I slowed down on reading.  Finding decent books was the issue.  But I'm back to it.  I love reading.  The most recent finish was The Dive from Clausen's Pier, by Ann Packard.  It was a slow start book, that I put down over and over, but in the end, I loved it.  It was about life is all, growing up, and a young woman who began to outgrow a group of high school and college friends, including a best friend and a fiancee who makes a dive from Clausen's Pier into shallow water, breaking his neck.  In the weeks before that fateful day, the woman focus of the story, (have forgotten names now) was having trouble in her relationship with her boyfriend since high school.  After he broke his neck, sending him into a coma and stealing his ability to walk once he came out of it, she didn't know what to do.  Guilt made her stay with him at his bedside.  His family and her friends guilt tripped her also until one day she just loaded her car and took off for a new life in New  York City. 
 There she fell in love with a mysterious man who lived frugally, talked little about himself, drank too much and turned out to be 40 years old.  He had issues too, which he would not discuss.  Later on, after she went back to Madison to visit her best friend, with whom she's fallen out with, over the months since the accident, he revealed to her that his brother had died young after a long battle with leukemia.  His brother's name was Mike, like her Mike, now in a wheelchair.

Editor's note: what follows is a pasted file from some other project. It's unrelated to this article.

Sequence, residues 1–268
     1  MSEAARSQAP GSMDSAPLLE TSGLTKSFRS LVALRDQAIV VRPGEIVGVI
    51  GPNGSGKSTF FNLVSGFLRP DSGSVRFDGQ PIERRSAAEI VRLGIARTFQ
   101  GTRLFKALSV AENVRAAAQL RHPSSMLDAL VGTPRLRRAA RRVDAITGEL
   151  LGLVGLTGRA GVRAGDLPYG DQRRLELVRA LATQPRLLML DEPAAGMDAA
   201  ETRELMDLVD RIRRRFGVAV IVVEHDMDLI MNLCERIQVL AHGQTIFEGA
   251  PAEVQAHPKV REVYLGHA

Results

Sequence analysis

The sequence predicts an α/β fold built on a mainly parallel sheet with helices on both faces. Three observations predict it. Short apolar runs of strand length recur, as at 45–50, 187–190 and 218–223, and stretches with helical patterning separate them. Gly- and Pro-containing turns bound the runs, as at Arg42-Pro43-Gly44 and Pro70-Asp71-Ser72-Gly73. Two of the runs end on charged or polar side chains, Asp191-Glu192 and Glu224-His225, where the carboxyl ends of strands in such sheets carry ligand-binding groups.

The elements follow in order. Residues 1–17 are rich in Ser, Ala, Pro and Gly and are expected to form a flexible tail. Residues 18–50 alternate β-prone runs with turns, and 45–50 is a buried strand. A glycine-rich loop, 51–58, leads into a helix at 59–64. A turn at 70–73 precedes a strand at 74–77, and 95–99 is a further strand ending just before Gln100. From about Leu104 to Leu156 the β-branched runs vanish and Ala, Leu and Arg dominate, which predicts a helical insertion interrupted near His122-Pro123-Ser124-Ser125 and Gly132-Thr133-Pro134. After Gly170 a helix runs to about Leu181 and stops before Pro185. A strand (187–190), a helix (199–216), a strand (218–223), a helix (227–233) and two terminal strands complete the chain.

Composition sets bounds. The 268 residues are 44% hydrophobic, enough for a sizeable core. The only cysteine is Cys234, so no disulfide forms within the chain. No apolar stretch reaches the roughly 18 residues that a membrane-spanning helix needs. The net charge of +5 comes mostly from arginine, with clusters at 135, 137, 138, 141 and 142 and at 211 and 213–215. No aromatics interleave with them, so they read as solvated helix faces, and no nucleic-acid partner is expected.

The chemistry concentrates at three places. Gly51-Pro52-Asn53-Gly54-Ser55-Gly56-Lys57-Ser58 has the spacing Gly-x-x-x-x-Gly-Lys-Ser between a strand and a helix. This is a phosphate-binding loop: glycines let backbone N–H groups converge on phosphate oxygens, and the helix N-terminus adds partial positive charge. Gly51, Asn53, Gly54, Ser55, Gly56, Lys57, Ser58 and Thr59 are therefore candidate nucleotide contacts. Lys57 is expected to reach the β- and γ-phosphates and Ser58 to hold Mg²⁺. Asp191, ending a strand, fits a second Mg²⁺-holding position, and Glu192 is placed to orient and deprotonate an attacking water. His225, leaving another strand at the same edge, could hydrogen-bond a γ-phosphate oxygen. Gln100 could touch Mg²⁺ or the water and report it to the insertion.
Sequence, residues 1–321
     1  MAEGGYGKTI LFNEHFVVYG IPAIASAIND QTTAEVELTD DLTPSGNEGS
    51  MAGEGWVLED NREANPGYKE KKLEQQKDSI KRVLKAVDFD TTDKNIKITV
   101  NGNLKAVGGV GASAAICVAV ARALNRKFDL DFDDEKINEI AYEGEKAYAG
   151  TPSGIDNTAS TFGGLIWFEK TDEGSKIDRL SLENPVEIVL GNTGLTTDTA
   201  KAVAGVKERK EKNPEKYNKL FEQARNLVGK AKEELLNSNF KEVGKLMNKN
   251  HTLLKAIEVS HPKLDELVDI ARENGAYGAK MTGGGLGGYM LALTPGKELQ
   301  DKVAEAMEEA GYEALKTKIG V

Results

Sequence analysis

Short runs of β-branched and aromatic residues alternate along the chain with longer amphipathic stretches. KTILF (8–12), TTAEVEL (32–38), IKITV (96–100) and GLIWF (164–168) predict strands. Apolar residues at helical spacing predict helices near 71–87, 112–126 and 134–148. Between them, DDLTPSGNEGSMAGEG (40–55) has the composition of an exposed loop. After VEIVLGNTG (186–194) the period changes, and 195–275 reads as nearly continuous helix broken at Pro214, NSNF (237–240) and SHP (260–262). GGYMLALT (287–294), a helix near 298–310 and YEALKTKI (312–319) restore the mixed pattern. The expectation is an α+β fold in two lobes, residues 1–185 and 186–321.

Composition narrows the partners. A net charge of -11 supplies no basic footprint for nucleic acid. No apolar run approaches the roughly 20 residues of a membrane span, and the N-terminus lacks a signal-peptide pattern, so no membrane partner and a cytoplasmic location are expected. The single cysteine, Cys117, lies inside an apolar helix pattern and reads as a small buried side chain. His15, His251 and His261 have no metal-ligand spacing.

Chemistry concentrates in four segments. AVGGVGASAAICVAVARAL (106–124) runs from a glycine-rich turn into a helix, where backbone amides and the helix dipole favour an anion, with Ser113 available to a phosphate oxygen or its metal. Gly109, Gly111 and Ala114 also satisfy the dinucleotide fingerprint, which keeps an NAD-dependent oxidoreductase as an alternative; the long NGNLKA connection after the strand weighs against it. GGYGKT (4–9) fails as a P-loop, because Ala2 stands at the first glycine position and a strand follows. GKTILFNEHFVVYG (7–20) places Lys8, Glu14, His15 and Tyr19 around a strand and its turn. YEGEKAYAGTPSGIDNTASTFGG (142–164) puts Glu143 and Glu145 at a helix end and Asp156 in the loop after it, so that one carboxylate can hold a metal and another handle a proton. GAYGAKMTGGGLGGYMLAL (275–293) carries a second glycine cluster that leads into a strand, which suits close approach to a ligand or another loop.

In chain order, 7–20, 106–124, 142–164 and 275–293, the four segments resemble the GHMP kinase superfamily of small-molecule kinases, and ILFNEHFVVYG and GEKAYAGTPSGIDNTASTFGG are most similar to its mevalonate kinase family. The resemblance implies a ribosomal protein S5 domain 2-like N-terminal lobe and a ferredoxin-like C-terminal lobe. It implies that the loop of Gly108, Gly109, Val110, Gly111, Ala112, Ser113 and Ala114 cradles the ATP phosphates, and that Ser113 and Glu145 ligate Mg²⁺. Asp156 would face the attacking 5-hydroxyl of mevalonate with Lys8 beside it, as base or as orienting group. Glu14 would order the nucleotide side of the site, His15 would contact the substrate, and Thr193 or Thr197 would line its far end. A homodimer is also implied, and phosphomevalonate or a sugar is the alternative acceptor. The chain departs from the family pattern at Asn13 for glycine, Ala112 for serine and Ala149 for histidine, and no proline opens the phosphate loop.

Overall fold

She never returned to New York, after she left to try to patch things up with her childhood best friend, whose sister had been beaten up and whose mother had attempted suicide and been committed.  She stayed in Madison, in the end, and began helping with Mike's care, and re-establishing old friendships and routines.  The book was about the unexpected twists and turns of life, some harsh, some beautiful, the sadness that can haunt everyone, from life's twists, no matter where they live or what their upbringing.  A person can count on only a few sureties   Family and friends, a sense of community and place, these are rocks in the upheaving landscape of life.

Life is tough here lately only in that I am bored silly and very alone.  The cat wrangling has ground to an extremely slow pace.  Price of gas and scarcity of clinic space is the reason.  And soon, very soon now, I won't be able to do any cat wrangling at all, when Poppa Inc. closes down, first of next summer.  I am contemplating what I can do now with my life.  I must find something.